Deceiving the party and the people, our representatives change their colours like a chameleon according to the highest offer they get. Politics has come to a low ebb. Really Ajit Pawar deceived the NCP. The anti-defection law does not speak well during the time of such a crisis. It is silent and not strict.
No representatives should be allowed to change their affiliation after the elections. Those who want to change their affiliation after the elections must be made to quit their position and seek re-election.
A revisit of the anti-defection law has become a must. Who will bell the cat? Will the political class sign their own death warrant? The apex court should take cognizance of the situation and do the needful to have a meaningful law on defections.
Sravana Ramachandran, Chennai
Jagan should shun his belligerence
It seems that YSRCP is still in the hangover of its landslide victory in the Andhra Pradesh Assembly elections held in May 2019.
There is a mammoth responsibility on the shoulders of that government to set up a proper capital city. Chief Minister YS Jagan Mohan Reddy, brushing his malaise on his bête noire N Chandrababu Naidu, has to send waves of enthusiasm across his Cabinet and behave like a torchbearer to develop an already framed capital city of (Amaravati) by the previous government of the TDP.
Driving away of investors like UAE's LuLu group, Adani and Reliance, Asia's Pulp and Paper (Indonesia) and not renewing viability gap funding agreements (VGFs) with Indigo Airlines and revoking contracts already executed by the TDP, and doing away with the then government's initiatives, portray his belligerence and negativity.
When a State or its capital is formed amidst chaos and is still in the period of incubation, there needs to be a well-designed plan to help it nurture so as to reap all the benefits that either the national or foreign investors.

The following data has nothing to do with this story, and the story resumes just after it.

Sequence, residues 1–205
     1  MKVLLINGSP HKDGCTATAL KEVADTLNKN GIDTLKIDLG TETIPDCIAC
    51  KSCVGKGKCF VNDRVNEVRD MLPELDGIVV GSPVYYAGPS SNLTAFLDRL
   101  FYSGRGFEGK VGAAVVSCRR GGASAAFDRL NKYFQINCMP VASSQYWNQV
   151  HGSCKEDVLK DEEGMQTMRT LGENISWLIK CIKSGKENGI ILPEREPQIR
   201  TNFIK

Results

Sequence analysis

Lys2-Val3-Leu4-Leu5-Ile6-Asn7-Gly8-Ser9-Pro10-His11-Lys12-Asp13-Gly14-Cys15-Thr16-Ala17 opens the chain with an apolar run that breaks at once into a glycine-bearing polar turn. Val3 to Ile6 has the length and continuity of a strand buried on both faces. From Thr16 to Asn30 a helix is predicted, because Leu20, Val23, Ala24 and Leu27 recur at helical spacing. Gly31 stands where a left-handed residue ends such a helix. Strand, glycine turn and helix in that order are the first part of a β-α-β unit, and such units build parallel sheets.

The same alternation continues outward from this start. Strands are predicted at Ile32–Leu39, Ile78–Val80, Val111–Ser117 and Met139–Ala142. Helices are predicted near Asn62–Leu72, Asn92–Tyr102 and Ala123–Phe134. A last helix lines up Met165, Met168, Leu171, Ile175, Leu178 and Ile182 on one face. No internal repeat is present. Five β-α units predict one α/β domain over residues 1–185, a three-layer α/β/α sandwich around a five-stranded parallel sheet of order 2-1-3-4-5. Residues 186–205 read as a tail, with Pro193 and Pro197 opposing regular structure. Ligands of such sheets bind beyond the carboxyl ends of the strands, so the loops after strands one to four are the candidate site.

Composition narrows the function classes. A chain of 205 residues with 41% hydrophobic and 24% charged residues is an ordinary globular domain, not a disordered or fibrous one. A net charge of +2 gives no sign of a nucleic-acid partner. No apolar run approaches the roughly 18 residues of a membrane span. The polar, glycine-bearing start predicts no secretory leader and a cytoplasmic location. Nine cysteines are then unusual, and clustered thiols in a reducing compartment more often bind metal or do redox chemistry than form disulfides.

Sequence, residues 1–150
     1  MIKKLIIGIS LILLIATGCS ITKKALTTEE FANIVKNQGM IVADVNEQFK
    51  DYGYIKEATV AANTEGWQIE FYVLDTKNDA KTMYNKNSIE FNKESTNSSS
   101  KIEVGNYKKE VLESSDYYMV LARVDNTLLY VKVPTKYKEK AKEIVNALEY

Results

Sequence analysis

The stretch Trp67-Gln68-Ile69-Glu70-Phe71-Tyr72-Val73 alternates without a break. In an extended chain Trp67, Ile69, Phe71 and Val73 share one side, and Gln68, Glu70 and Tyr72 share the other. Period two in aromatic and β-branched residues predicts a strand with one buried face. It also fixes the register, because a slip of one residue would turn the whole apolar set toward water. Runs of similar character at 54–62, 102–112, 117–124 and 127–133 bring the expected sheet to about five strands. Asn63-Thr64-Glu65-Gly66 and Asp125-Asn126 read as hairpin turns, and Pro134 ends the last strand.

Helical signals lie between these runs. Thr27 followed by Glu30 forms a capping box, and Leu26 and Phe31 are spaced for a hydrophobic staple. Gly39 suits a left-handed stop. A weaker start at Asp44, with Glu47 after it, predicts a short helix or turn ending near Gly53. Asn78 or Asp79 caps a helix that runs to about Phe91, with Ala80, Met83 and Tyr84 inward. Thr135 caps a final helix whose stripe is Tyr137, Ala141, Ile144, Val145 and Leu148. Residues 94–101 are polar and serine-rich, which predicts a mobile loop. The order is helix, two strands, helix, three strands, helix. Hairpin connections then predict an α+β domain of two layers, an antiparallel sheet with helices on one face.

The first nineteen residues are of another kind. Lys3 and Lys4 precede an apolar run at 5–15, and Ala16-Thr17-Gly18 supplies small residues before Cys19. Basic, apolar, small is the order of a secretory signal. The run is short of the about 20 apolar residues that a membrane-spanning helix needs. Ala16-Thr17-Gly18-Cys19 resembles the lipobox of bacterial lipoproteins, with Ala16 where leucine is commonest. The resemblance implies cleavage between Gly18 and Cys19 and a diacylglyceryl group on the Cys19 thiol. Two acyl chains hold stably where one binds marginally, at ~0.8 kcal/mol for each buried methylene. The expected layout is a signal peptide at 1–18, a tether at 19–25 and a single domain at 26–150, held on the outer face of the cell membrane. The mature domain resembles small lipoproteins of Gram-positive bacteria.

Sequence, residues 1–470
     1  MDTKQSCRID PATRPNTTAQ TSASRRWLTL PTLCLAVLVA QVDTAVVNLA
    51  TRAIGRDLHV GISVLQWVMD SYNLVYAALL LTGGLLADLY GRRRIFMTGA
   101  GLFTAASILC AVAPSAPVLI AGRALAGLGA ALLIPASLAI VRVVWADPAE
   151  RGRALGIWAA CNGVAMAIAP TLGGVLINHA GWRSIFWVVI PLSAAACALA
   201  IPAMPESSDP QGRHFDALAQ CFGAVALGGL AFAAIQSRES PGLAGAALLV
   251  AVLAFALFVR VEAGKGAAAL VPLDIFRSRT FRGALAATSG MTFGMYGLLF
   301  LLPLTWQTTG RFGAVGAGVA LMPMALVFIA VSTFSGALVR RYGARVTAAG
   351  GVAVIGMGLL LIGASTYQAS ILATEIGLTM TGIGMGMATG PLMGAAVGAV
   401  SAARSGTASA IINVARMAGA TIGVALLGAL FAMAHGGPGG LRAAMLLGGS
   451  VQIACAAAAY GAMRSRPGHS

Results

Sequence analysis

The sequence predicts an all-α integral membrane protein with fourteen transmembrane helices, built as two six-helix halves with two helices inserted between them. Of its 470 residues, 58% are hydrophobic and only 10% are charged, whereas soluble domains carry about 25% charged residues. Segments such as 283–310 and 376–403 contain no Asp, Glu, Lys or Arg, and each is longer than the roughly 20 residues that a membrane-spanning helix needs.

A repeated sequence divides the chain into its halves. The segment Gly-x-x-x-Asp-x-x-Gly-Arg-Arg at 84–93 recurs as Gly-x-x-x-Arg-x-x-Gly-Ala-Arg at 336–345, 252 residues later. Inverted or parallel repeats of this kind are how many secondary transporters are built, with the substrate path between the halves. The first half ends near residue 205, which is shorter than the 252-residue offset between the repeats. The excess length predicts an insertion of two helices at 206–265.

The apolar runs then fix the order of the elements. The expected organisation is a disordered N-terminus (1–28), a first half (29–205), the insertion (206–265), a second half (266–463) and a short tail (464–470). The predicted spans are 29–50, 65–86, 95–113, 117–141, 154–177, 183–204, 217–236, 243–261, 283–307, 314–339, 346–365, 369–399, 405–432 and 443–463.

Foreign investment is the need of the hour for the capital of AP as such investment creates innumerable employment opportunities and infrastructure. When questioned about his stand in shooing away the investors, AP CM has been vindictive in saying that it all demands a course correction as those policies and schemes are not so approachable.
If unemployment spikes, the government comes forward with doles to satiate the people and counts it as a brownie point to garner appeasement from the public.
It is high time for the all the AP CM's Cabinet of Ministers, supporters and party men to know the peril that is fast approaching to cloud or impede the development of Andhra Pradesh and its capital in terms of unemployment.
Madhulika N, Hyderabad
AP's anti-English medium brigade is anti-poor
At present, there are more than 20,000 private English medium schools in Andhra Pradesh. They are not suddenly erupted. These schools are in existence for many years. Only the number of English medium schools may vary year by year.
But the existence is since the pre-Independent period. All those who argue now that the school education has to be in mother tongue should have opposed whenever the government granted permission to private English medium schools.